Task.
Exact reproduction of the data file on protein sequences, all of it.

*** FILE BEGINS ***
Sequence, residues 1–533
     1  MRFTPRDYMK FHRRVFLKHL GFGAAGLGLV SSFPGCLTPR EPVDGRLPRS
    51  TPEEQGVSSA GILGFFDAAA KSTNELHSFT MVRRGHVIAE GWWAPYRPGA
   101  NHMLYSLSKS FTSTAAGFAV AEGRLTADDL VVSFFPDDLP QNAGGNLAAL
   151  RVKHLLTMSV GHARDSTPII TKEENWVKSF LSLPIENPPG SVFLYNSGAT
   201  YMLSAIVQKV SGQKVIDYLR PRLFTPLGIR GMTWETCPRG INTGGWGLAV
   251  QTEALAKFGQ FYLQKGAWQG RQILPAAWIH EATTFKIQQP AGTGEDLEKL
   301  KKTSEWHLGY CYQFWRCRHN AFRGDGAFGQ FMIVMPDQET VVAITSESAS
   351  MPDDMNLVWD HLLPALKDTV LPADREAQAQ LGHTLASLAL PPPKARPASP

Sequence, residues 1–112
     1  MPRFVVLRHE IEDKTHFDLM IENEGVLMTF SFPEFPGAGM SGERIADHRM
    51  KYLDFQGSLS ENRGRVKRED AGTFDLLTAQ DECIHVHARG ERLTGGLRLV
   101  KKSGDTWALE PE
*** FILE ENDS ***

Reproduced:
Sequence, residues 1–533
     1  MRFTPRDYMK FHRRVFLKHL GFGAAGLGLV SSFPGCLTPR EPVDGRLPRS
    51  TPEEQGVSSA GILGFFDAAA KSTNELHSFT MVRRGHVIAE GWWAPYRPGA
   101  NHMLYSLSKS FTSTAAGFAV AEGRLTADDL VVSFFPDDLP QNAGGNLAAL
   151  RVKHLLTMSV GHARDSTPII TKEENWVKSF LSLPIENPPG SVFLYNSGAT
   201  YMLSAIVQKV SGQKVIDYLR PRLFTPLGIR GMTWETCPRG INTGGWGLAV
   251  QTEALAKFGQ FYLQKGAWQG RQILPAAWIH EATTFKIQQP AGTGEDLEKL
   301  KKTSEWHLGY CYQFWRCRHN AFRGDGAFGQ FMIVMPDQET VVAITSESAS
   351  MPDDMNLVWD HLLPALKDTV LPADREAQAQ LGHTLASLAL PPPKARPASP

Sequence, residues 1–112
     1  MPRFVVLRHE IEDKTHFDLM IENEGVLMTF SFPEFPGAGM SGERIADHRM
    51  KYLDFQGSLS ENRGRVKRED AGTFDLLTAQ DECIHVHARG ERLTGGLRLV
   101  KKSGDTWALE PE